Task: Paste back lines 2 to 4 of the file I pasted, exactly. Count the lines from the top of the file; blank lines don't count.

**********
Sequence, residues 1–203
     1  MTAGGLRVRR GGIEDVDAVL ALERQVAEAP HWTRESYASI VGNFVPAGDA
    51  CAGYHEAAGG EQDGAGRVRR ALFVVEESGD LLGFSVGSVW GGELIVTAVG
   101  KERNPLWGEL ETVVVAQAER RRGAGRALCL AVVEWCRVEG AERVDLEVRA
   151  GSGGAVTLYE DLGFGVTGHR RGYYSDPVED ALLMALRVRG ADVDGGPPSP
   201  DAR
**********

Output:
     1  MTAGGLRVRR GGIEDVDAVL ALERQVAEAP HWTRESYASI VGNFVPAGDA
    51  CAGYHEAAGG EQDGAGRVRR ALFVVEESGD LLGFSVGSVW GGELIVTAVG
   101  KERNPLWGEL ETVVVAQAER RRGAGRALCL AVVEWCRVEG AERVDLEVRA